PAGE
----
Festivals

T In The Park Friday and Saturday

John Mulvey

After a muddy and murky start on Friday, Brian Wilson ended the first full day of this year's T In The Park festival by bringing the sunshine to Scotland. Not literally, but it's as close as we'd come so far.

That blissful, hit-packed set has been the undoubted highlight of what's been an eventful start to the festival's first attempt at a three-day bash. But it got off to an inauspicious start when the terrible weather caused huge problems, with the rain turning car parks and the main arena to mud and punters struggling to access the site, stuck in huge tailbacks.

As a result, the first ever Friday headliners Arctic Monkeys played in front of a surprisingly small, shivering crowd. It was a better show than Glastonbury, with frontman Alex Turner revealing an increasingly confident stage persona. After a coruscating run through "I Bet You Look Good On The Dancefloor", he tells the throng: "In the words of Dame Shirley, that's how it's done." He obviously spotted Tom Jones kicking the life out of his tune at the Princess Diana memorial concert last week.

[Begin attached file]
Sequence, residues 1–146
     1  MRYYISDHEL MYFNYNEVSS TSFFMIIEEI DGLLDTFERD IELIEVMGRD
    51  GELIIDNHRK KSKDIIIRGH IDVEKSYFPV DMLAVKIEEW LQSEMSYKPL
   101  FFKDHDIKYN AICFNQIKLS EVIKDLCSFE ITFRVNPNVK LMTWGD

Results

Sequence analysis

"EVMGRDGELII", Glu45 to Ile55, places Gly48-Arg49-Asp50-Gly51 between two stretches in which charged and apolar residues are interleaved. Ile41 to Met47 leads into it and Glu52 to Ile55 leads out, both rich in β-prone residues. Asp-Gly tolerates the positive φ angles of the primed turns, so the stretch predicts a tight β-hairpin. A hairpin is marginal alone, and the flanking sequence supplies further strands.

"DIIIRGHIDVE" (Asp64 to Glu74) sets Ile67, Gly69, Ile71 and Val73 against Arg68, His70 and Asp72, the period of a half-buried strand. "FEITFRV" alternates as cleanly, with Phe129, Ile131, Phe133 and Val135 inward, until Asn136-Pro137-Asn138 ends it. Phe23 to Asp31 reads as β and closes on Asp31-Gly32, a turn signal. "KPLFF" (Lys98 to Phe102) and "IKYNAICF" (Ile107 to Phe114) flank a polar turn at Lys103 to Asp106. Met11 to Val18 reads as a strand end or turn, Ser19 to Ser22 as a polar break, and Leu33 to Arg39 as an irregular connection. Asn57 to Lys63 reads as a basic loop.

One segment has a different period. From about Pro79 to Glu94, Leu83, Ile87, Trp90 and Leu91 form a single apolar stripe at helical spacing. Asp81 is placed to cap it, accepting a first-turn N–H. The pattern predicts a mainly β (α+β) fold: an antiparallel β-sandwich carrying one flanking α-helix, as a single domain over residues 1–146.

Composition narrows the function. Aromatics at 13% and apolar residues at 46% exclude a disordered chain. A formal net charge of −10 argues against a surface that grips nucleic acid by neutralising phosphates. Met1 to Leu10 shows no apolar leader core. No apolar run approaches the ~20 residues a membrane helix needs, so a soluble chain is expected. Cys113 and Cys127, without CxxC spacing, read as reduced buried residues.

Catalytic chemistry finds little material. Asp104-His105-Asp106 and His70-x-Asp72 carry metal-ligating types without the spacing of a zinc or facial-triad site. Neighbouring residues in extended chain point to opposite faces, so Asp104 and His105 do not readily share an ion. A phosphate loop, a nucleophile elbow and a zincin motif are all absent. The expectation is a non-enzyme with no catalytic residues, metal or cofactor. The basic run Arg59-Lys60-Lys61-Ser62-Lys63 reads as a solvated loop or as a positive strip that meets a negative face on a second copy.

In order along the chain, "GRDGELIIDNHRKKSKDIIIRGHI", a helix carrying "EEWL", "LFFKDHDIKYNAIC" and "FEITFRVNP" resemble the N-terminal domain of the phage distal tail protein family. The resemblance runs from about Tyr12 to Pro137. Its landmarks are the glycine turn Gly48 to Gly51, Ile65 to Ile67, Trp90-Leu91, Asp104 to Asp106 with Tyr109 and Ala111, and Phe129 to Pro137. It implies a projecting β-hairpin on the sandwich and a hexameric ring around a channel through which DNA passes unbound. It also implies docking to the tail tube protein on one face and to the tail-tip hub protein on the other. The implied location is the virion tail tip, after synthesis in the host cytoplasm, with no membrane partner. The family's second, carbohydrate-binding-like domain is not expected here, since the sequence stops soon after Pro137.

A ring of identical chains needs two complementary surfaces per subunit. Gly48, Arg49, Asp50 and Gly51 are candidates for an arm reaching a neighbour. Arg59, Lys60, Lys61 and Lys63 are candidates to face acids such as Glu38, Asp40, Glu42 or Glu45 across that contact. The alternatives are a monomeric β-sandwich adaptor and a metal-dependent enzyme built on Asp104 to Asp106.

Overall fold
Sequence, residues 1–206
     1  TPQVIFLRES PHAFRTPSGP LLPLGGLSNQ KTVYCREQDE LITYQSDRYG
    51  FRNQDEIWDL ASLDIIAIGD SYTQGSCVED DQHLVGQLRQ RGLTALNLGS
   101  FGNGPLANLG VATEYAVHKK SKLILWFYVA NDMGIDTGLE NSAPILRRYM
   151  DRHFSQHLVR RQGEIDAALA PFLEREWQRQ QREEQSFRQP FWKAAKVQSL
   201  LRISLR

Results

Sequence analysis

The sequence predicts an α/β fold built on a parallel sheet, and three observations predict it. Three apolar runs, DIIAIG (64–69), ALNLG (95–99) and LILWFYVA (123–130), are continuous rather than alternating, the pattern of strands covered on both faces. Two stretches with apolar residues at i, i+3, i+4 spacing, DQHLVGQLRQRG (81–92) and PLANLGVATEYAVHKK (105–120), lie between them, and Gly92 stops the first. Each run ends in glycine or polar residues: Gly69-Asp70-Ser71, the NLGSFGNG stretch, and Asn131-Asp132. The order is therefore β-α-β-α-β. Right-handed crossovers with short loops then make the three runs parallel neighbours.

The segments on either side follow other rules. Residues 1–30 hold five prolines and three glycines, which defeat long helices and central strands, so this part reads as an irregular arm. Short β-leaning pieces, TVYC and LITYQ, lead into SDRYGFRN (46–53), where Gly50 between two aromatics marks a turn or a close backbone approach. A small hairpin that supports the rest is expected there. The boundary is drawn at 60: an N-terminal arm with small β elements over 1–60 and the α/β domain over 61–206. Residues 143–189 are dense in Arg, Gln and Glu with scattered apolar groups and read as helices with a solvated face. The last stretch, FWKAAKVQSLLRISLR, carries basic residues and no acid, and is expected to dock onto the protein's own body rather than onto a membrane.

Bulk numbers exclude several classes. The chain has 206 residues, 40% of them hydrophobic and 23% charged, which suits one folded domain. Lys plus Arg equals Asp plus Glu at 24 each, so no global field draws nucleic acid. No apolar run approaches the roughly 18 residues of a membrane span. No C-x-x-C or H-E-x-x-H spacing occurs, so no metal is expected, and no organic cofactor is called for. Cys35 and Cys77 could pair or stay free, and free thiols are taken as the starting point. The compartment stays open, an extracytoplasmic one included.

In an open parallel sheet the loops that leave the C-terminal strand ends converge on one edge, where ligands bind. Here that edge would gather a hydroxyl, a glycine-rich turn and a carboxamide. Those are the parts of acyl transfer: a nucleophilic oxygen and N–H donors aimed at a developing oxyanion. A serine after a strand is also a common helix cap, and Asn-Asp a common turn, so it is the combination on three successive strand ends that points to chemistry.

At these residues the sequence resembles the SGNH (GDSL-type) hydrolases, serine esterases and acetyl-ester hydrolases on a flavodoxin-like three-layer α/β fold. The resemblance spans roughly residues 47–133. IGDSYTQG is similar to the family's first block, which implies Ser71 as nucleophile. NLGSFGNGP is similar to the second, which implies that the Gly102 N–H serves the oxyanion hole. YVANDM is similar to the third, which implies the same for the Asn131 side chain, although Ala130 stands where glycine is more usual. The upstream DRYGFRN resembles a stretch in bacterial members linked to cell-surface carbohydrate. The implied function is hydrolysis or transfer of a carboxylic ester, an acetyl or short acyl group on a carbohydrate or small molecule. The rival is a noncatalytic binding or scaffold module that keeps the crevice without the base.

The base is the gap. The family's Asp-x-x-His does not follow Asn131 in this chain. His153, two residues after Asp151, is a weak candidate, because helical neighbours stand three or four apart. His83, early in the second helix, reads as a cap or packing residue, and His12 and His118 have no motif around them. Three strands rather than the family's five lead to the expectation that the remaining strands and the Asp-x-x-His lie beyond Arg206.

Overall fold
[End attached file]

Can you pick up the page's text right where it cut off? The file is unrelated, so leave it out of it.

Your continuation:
Yesterday Amy Winehouse pulled out due to "exhaustion", so our first real excitement came when Arcade Fire took to the Main Stage. Unfortunately, the weather again played havoc, a fierce wind blowing the band's sound so far across the site you could have probably heard the set in their native Canada.

Then, last night, it was Brian Wilson's turn, appropriately enough headlining the Pet Sounds Arena. It was only about three quarters full, mainly due to The Killers being such a huge draw, but everyone in that tent knew every word of every song. It was heartening to see so many young uns shunning Brandon & co for songs over 40 years old, and even forgave him for constantly referring to being in "Glasgow". The 25-song set included all the classics, and the show was summed up by one punter when he screamed at the end of "Help Me Rhonda": "Brian, yer a fuckin' legend!" Well said.

This report was written by Alan Woodhouse


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